- The Washington Times
Tuesday, March 10, 2020

House Democrats on Tuesday told the new CEO of Wells Fargo that the bank has not paid enough penance for its massive fraud scheme, suggesting they would like to break up the company and influence its investment decisions.

Charles Scharf, who took over the bank in October, spent four hours testifying to the House Financial Services Committee. He is the third Wells Fargo CEO put in the hot seat in Congress since the bank’s practice of opening phony accounts in customers’ names came to light in 2016.

“It’s clear the bank you inherited is a lawless organization that has caused widespread harm to consumers across the nation,” said committee Chairwoman Maxine Waters, California Democrat. “There’s a pattern of harming its customers that seems to persist.”

Ms. Waters’ opening remarks set the tone for the hearing, which saw Democrats hector Mr. Scharf about Wells Fargo’s dividends, business relationship with gun manufacturers, future decisions about acquisitions or expansion, pay scale and diversity hires.

They heaped those questions on top of probing what moves Mr. Scharf has made to comply with an expansive regulatory blueprint drawn up in the aftermath of the scandal.

The title of the hearing was “holding Wells Fargo accountable,” and it became clear that Democratic lawmakers sought to crack down on several fronts.

Rep. Al Green, Texas Democrat, minced few words. He wanted someone behind bars for what Wells Fargo did.

“Commit fraud and not one person goes to jail,” Mr. Green said. “I guess it’s too big to fail, too big to jail apparently, but this can’t be resolved by paying off the government.”

Since the illegal sales maneuvers at Wells Fargo were discovered, the bank has paid some $2.7 billion in fines and settlements, an amount that will grow given that not all the cases have been settled.

Republican committee members tried to keep the meeting focused on Wells Fargo’s proven misdeeds and Mr. Scharf’s plans to transform the corporate culture.

“The committee majority made up its mind about Wells Fargo a long time ago,” said Rep. Patrick McHenry of North Carolina, the top Republican on the committee. “This is the first of three politically motivated, ideological hearing on Wells Fargo.”

Mr. McHenry said the committee next plans to drag former Wells Fargo executives to Capitol Hill to embarrass them and the company. By quoting emails and internal communications from executives no longer with the bank, Democrats hope to increase pressure on it and other big financial institutions to toe the line on an array of issues, according to committee Republicans.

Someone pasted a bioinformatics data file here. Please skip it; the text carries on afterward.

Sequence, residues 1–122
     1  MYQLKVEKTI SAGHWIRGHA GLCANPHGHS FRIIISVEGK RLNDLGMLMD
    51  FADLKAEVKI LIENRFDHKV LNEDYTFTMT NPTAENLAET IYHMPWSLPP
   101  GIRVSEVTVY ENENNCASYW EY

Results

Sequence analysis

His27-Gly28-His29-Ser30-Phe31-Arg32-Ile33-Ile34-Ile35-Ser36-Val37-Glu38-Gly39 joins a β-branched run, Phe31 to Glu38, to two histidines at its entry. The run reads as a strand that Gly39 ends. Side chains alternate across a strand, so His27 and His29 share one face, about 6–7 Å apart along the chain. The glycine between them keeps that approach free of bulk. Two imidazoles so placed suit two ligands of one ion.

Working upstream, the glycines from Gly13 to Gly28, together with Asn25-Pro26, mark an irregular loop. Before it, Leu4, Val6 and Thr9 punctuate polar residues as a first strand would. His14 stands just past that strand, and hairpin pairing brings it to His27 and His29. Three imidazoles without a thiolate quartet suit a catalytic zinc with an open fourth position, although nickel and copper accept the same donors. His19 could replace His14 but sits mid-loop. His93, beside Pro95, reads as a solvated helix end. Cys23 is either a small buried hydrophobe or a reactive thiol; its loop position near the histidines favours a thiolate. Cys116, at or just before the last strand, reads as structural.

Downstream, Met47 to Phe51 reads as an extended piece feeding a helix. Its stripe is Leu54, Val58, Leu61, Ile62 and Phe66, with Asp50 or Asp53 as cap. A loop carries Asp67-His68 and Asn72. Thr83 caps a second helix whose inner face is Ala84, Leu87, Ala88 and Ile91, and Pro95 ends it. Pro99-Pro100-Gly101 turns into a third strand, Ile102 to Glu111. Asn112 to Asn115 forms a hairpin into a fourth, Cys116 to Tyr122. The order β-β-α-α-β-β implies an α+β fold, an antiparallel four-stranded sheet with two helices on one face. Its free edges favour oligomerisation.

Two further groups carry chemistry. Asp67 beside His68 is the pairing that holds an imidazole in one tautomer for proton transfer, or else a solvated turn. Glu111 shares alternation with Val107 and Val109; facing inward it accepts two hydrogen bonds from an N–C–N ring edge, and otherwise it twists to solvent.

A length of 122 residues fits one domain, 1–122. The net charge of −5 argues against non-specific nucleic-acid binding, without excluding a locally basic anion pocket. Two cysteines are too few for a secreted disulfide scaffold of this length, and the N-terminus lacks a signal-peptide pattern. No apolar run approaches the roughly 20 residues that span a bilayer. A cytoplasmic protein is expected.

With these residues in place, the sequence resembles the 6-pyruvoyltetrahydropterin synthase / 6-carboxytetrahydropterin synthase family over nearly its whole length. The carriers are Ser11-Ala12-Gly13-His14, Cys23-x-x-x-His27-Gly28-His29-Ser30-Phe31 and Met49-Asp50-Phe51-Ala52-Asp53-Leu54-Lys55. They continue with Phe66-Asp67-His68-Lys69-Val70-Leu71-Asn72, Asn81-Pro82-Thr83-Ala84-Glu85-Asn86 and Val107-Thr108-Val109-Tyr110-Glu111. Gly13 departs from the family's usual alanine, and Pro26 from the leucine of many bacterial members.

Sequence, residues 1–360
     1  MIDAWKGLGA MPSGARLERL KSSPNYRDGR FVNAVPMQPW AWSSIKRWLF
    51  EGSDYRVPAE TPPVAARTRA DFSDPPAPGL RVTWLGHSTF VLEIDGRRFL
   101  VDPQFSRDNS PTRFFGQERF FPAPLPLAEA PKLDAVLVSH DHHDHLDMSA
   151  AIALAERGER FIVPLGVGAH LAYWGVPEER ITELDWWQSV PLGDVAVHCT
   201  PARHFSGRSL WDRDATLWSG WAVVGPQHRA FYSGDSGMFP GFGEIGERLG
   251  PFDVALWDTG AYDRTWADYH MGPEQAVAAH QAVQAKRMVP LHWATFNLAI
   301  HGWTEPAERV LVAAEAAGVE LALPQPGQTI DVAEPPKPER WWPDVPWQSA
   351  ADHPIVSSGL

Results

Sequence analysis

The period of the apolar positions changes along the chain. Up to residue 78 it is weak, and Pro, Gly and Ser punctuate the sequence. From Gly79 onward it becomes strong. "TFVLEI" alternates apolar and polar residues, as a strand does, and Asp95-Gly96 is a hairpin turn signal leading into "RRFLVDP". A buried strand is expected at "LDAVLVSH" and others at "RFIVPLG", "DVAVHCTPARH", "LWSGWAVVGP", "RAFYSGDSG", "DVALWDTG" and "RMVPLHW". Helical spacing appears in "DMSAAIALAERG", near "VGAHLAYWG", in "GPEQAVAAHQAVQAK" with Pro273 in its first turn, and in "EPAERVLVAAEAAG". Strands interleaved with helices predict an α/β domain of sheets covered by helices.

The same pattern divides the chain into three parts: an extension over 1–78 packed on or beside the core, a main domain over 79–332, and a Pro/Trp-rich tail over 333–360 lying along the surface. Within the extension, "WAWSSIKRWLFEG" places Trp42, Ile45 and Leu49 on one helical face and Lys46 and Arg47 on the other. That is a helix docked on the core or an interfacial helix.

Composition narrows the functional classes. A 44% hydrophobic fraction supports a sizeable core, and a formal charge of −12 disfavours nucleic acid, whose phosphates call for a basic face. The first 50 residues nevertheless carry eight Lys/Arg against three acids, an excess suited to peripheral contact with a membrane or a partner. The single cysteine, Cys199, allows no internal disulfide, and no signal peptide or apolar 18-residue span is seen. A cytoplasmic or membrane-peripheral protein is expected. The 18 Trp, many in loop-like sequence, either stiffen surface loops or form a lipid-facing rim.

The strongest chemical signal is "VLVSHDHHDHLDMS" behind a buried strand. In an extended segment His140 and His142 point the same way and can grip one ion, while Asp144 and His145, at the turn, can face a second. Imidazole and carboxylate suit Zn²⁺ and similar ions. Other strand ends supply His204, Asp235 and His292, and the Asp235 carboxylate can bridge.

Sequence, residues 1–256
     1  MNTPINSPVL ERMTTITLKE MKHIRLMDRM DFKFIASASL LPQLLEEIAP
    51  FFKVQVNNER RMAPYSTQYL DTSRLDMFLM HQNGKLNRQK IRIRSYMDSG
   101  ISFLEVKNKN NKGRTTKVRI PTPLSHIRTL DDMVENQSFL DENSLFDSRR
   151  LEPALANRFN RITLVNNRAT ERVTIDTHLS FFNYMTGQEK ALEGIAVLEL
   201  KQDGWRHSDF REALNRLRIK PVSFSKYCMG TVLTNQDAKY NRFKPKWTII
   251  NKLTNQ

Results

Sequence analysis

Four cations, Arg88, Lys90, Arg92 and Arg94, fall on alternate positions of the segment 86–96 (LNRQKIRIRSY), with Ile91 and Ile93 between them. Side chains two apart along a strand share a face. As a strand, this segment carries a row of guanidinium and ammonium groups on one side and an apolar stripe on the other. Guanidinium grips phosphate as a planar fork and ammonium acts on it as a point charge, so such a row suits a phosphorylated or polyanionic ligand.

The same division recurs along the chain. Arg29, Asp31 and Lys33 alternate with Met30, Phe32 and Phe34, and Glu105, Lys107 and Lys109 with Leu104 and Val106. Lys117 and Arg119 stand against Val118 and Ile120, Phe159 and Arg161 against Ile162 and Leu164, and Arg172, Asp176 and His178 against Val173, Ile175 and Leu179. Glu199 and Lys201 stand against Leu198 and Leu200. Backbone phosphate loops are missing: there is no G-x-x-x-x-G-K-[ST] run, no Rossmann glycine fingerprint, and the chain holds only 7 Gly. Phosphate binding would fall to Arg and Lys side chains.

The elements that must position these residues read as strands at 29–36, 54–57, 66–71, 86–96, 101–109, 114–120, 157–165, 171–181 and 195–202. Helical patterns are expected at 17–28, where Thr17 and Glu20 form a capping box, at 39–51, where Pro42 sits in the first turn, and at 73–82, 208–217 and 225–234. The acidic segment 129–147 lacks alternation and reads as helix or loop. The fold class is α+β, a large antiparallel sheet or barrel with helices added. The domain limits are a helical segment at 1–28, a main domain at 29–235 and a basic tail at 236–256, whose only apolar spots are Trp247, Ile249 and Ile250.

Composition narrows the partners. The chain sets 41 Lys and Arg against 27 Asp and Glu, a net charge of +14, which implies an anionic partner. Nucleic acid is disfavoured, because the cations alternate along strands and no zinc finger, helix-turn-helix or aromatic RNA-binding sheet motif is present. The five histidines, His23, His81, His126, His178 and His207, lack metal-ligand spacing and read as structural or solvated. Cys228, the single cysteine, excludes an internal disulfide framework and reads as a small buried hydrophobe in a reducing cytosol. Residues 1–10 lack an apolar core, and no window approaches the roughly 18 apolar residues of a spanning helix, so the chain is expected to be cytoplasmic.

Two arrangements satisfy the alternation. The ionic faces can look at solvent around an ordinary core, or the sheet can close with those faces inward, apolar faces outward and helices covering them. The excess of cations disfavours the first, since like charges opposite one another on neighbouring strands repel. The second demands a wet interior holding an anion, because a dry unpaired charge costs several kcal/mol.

Mr. Scharf said he could not explain what was done right or wrong before his arrival. He repeatedly insisted he has made multiple changes in personnel and redesigned the company’s structure to give executives a clearer picture of what is happening across the bank and the risks being taken.

Wells Fargo was known as a risk-averse company, a reputation that served it well during the 2008 financial crisis but was badly cracked by the 2016 scandal.

“People can trust Wells Fargo to do the right thing,” Mr. Scharf said under questioning from Georgia Democratic Rep. David Scott, who said he was a Wells Fargo customer.

Mr. Scharf came to head Wells Fargo after holding similar positions with VISA and Bank of New York-Mellon. Some of the few moments of levity Tuesday came when Ms. Waters noted Mr. Scharf’s two predecessors had resigned quickly after testifying before the committee and when some committee members wondered why Mr. Scharf had taken the job.

Overhanging the hearing was the question of whether regulators or lawmakers might move to break up Wells Fargo. In his opening statement, Mr. Scharf said he had come to no conclusion about what size the bank would be when his overhaul was fully implemented, but under questioning, he denied the company is too big to be managed properly.

“It’s absolutely possible to run a business as big as Wells Fargo well,” he said. “Our culture did work against us.”

Several Democratic lawmakers insisted it wasn’t enough to blame the company’s culture.

Rep. Rashida Tlaib, Michigan Democrat, told Mr. Scharf they did not find his testimony compelling.

“This is not called intimidation, it’s called doing your job,” Ms. Tlaib said of the Democrats’ far-reaching interrogation. “It’s a criminal scheme and you all got caught, that’s exactly what you inherited.”

• James Varney can be reached at jvarney@washingtontimes.com.

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